Attention BPOA members. This coming Wednesday November 18 2015 the BPOA
will sponsor the 9th Annual Thanksgiving Dinner Drive, from 5:30-8:00 pm (event starts at 6) hosted by SDPD Southeastern Division, 7222 Skyline Dr.
This year we will be working together to provide Thanksgiving Dinners to 100 families in our community !!! Members are encouraged to come help out by handing out dinners to the participating families. Please arrive between 5:30 pm & 6:00 pm at SD Division. If you have a BPOA shirt or jacket, please wear it to the event. If you do not, come as you are.
SDBPOA, Brothers United Firefighters, SD Fire Local 145, NFLPA SD, Phi Beta Sigma, Blue Heart Foundation, SDPD SE Division, and Northgate Markets.
The SDBPOA congratulates NBPA Region 1 Treasurer/SDBPOA Director (and former BPOA President) Lieutenant Steven Hutchinson as he retires after 32 years of dedicated service with the San Diego Police Department, and San Diego Black Police Officers Association (SDBPOA).
Steve, like many past BPOA Presidents, has been an association pillar as a BPOA leader. He is part of a cast of members who lead from the front, showing his passion and commitment to the NBPA and the BPOA. Moreover, Steve is someone I have counted on for his reliability. Steve wore many hats for the BPOA, not only as a former President, he held nearly every position on the board during his career. He was also the BPOA’s historian, resident DJ (as DJ Hutch Cat), and signature drink wombat mixologist. If you have had the wombat (and can remember) you know what I’m talking about.
As Steve retires from the SDPD Traffic Motor Unit (his dream job with the police department), he won’t be too far away as he starts his new job with the San Diego County District Attorney Bureau of Investigation as a DA Investigator.
On behalf of the SDBPOA I thank you Brother Steve Hutchinson for your overwhelming commitment, support, dedication to the SDBPOA and personally for your decades of friendship. You and Bryan were there the day I graduated the academy, and we’ve been friends ever since.
CONGRATULATIONS STEVE AND HAPPY RETIREMENT! FOR 32 YEARS YOU HAVE REPRESENTED THE BPOA WITH DISTINCTION!
People have long gotten out of hand. We learned to tolerate injustice and mistreatment of one another especially if the mistreatment and injustice was directed towards someone who did not look like us.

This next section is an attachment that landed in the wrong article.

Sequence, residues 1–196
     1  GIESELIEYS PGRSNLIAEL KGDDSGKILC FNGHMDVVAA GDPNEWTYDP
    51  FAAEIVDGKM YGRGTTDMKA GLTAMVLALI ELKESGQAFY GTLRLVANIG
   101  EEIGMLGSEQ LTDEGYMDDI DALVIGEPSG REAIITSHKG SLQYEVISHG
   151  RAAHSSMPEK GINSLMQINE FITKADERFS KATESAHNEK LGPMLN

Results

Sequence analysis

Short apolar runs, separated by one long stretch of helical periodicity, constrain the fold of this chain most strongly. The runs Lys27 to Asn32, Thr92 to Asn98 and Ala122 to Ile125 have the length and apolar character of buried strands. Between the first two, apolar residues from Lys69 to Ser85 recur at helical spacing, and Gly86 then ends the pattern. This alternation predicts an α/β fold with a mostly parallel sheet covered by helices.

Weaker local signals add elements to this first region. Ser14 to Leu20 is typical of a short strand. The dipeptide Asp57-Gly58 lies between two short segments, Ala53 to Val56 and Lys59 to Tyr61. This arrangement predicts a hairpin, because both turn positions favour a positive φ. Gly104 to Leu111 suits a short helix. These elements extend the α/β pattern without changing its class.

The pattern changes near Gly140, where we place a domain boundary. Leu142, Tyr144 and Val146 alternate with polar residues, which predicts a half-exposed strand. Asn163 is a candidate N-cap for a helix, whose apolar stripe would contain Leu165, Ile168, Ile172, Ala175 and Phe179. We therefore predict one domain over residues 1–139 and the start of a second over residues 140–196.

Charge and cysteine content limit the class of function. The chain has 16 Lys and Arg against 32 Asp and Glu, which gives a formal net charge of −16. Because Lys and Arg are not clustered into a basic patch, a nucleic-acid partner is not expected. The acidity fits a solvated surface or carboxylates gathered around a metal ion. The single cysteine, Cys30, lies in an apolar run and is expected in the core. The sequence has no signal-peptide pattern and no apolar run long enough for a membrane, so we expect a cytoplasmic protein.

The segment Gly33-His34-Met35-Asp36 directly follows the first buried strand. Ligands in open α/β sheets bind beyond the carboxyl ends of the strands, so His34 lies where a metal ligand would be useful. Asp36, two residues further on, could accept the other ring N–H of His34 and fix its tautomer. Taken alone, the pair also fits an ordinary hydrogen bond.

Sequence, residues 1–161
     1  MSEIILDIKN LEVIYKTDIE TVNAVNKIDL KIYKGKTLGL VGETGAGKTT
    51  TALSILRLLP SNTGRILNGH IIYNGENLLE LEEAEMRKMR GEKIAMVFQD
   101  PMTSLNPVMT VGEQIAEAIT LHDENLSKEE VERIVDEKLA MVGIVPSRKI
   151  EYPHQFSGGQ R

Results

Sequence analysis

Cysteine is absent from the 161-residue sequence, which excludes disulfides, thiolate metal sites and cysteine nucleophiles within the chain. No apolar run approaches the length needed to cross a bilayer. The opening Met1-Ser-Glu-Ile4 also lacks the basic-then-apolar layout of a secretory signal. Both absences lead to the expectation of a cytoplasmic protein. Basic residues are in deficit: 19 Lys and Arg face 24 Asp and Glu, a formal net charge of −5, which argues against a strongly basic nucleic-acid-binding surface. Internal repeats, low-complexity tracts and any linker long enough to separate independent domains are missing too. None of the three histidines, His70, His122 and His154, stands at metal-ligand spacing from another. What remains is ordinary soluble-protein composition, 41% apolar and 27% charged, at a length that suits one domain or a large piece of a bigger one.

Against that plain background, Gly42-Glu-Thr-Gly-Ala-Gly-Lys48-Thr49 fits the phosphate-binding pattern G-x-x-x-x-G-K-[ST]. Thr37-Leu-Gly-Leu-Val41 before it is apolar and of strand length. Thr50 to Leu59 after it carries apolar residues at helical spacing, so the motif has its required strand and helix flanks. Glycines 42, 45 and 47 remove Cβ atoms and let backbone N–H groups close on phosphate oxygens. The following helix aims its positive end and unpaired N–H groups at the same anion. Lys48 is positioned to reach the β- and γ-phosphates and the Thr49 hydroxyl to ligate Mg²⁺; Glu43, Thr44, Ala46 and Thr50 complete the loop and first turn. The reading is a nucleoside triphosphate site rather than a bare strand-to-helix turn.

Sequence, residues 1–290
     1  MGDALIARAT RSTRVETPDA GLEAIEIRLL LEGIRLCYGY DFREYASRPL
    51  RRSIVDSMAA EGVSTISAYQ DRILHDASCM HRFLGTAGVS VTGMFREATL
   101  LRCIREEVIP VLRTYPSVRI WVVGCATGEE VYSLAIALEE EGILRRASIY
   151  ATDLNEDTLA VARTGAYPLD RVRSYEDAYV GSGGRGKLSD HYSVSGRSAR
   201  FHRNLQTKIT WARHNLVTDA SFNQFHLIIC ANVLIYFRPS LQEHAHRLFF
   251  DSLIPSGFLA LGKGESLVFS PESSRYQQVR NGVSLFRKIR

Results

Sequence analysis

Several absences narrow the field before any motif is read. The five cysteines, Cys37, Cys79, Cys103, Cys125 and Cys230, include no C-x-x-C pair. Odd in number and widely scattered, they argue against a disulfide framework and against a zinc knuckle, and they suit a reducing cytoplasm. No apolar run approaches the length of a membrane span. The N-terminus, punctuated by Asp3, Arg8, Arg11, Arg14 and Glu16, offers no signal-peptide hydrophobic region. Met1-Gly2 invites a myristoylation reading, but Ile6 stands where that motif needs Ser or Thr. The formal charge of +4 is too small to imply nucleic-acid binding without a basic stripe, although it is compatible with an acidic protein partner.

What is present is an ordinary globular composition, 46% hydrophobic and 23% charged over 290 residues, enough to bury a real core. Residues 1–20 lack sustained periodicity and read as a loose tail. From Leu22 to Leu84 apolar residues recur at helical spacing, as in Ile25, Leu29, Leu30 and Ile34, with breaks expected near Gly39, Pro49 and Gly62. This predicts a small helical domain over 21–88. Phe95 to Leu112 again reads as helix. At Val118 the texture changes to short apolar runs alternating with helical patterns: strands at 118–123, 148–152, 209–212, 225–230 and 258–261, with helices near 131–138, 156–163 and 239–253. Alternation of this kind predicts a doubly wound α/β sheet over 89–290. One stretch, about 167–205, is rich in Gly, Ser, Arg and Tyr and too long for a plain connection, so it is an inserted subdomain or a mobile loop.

That’s our problem as humanity, we have not learned to live together as one people while sharing and working in cooperation for the betterment of all. I don’t know how it started, my best guess is greed is at the root. The desire to acquire more than you and I’ll kill you to get what you have.
We certainly don’t listen to one another. Not to understand one another anyway; and mass media capitalizes on our discord and sells it back to us. All lives matter that’s absolutely true. That does not mean however that black lives do not matter nor does black lives matter mean that black lives matter more than any other lives. Saying black lives matter does not mean that non-black lives do not matter. If all lives do indeed ma
tter, then saying black lives matter should not be so hard. Why is it? We can’t we as Americans collectively say it?
Unfortunately however, we as humanity seem to be reactionary and ready to besmirch one another in an instant. Generally based on misinformation, half truths, misunderstanding, and in many cases flat out lies. Reading how we react to one another is disheartening to say the least. I have faith that we will one day overcome these issues.
We have to learn to value one another in spite of differences. Black lives have to matter as a value statement and it has to show in our collective actions. Before we’re so quick to dismissively rebuke BLM with a pretentious “All lives matter” we should at the very least ask ourselves do we mean black lives too? Do we really believe all lives matter, including black lives? There are far too many ways to dismiss black lives and more importantly, black concerns, as trivial and meaningless. We start throwing out tangential, straw arguments about black on black crime and absent fathers rather than just say, “Yes, black lives matter too.”
Thank you to those who came to the Business Meeting. It has been more than a decade since our bylaws have been updated. A bylaws committee will be convened to consider possible revisions and updates.
Please review the BPOA Constitution & Bylaws BPOA Constitution